August 24, 2015: Last Thursday (August 20) Parkview Adventist Medical Center in Brunswick, Maine, was sold to Mid Coast Health, the owner of its former rival Mid Coast Hospital in the same community. Earlier in the day Chief United States Bankruptcy Judge Peter Cary approved the merger, according to the Bangor Daily News. The day before the Adventist board had approved the purchase offer.
The 55-bed nonprofit Adventist hospital was controlled by the Northern New England Conference of the Seventh-day Adventist denomination. Brunswick is across the Androscoggin River from Topsham, the hometown of Ellen G. White, a cofounder of the denomination who advocated health ministry as a key element in the Adventist mission.
The new, merged nonprofit health care organization is named Mid Coast-Parkview Health. It will operate Mid Coast Hospital as an inpatient facility with 92 beds and an emergency department, and the Parkview campus as a community wellness center and outpatient facility with an ongoing faith-based element.
The transaction included a payment of $4.4 million by Mid Coast Health “in cash and debt forgiveness, a commitment to employees of Parkview for accumulated vacation and sick time of $763,000 and a commitment to make capital improvements of $1 million per year for the next three years on the Parkview campus,” reported the Press Herald.
The 190 employees of the Adventist hospital have been asked to continue to work for the new organization. Randee Reynolds, the president of Parkview Adventist Medical Center, has been hired as vice president for community health and integration of services, the new organization announced on Friday.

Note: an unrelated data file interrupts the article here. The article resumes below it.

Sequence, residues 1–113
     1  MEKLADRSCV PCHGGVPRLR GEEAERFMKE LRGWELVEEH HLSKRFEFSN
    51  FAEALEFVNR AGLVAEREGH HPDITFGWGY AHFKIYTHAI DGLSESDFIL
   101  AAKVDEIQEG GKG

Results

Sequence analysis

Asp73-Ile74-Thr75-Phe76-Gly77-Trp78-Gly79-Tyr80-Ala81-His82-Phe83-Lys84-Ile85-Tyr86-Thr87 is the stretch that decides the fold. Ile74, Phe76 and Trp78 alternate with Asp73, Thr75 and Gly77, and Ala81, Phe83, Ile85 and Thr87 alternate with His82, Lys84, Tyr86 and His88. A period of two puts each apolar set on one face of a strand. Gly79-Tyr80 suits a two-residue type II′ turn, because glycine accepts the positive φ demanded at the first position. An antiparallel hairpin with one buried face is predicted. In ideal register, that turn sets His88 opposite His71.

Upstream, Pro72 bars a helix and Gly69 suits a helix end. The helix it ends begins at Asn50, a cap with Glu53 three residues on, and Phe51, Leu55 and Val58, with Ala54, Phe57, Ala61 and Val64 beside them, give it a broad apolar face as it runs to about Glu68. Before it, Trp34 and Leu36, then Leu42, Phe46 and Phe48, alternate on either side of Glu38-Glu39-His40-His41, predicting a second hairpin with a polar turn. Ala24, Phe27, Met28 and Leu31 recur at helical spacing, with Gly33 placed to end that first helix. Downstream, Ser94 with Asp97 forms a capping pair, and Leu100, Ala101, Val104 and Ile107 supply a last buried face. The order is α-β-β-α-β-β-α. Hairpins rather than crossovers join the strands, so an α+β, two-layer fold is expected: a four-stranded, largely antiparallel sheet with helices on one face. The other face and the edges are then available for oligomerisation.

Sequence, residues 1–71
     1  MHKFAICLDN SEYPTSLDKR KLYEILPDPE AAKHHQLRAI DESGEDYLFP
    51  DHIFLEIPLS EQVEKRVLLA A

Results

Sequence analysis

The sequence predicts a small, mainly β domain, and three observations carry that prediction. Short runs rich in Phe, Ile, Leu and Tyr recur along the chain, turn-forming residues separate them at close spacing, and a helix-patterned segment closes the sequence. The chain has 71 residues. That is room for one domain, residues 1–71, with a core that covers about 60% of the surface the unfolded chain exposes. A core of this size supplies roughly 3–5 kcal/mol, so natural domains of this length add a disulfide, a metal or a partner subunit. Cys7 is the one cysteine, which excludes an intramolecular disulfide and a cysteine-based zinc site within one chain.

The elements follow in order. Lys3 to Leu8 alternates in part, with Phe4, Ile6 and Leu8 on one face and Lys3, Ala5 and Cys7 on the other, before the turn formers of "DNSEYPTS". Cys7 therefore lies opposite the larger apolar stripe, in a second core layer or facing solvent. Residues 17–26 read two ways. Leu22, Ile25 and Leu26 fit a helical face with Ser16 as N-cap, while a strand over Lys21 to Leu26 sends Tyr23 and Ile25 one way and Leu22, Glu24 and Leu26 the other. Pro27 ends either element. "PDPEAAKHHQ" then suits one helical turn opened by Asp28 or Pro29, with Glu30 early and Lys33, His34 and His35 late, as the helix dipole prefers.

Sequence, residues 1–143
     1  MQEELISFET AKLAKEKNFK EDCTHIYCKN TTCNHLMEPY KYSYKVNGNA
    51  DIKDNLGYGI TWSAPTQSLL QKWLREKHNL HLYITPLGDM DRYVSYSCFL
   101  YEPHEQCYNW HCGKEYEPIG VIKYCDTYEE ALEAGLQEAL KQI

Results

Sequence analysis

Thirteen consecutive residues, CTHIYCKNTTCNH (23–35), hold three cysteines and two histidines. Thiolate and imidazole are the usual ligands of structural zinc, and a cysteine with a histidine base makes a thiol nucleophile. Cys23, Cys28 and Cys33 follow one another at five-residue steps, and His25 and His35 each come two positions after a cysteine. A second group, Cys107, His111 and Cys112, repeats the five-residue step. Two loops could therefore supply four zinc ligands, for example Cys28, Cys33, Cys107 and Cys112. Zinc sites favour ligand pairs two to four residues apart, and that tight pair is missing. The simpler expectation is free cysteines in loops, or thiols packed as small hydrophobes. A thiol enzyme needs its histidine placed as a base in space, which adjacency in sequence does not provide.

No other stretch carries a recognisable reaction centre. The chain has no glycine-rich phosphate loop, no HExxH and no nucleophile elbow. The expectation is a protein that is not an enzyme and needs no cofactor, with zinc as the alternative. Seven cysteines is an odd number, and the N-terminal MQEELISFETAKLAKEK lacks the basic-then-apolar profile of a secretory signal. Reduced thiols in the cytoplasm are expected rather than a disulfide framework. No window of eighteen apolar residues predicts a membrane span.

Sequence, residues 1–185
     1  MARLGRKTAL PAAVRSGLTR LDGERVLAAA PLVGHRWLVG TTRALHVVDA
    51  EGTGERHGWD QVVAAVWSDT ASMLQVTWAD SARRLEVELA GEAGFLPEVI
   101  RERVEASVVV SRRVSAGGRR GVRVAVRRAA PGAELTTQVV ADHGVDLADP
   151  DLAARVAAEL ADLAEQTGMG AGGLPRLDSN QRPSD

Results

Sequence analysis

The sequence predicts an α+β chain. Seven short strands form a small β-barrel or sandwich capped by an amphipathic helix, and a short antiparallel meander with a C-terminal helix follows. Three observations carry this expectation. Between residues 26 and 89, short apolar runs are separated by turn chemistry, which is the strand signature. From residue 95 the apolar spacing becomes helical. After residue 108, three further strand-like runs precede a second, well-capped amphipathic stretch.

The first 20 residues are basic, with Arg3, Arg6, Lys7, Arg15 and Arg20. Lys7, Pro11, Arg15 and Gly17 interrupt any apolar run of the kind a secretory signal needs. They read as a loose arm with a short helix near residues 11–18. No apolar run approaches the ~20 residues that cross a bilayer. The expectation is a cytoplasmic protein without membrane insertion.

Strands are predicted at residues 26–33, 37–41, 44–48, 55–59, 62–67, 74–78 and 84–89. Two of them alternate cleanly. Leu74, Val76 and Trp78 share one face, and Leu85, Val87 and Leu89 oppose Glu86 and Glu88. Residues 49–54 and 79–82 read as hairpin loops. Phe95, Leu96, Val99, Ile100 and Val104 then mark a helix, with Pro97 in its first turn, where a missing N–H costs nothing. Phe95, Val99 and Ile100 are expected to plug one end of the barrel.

“The campus at Parkview will continue to provide the faith-based practices of the Seventh-day Adventist Church,” Lois Skilling, president of the new organization, told the Press Herald. She told the Bangor Daily News that the organization plans to preserve the religious affiliation of the Parkview campus and has a five-year contract with the Northern New England Conference for “spiritual support.”
In testimony filed with the court, Skilling stated, “Mid Coast will receive counseling and consulting services and the expertise relating to faith based health care that [it] views as important to its future success.” It will pay the conference $280,000 a year for five years for these services. And it has also agreed to recruit two new Adventist doctors.
Parkview Adventist Medical Center filed a Chapter 11 bankruptcy in June after several attempts to merge with a different health care organization starting in 2008. “The hospital’s finances had been undermined by mounting costs and declining number of inpatient and emergency care patients,” the newspaper stated.
Janet Mills, the attorney general of the State of Maine, had written a letter stating that the offer by Mid Coast Hospital was an “innovative plan both the preserve the charitable goals of the founders of Parkview Adventist Medical Center and to better serve the needs of the community by creating a single health care presence in the Brunswick areas, instead of fostering the divided and costly competition that has existed over many years.” This letter was considered by the Adventist board when it voted to approve the proposal on Wednesday, according to the Bangor Daily News.
“This may provide a sketch of how Adventist health care institutions can continue to have a ministry in communities where it is impossible to maintain traditional structures,” a veteran church administrator told Adventist Today. “We need to focus on ministry rather than institutional strength.”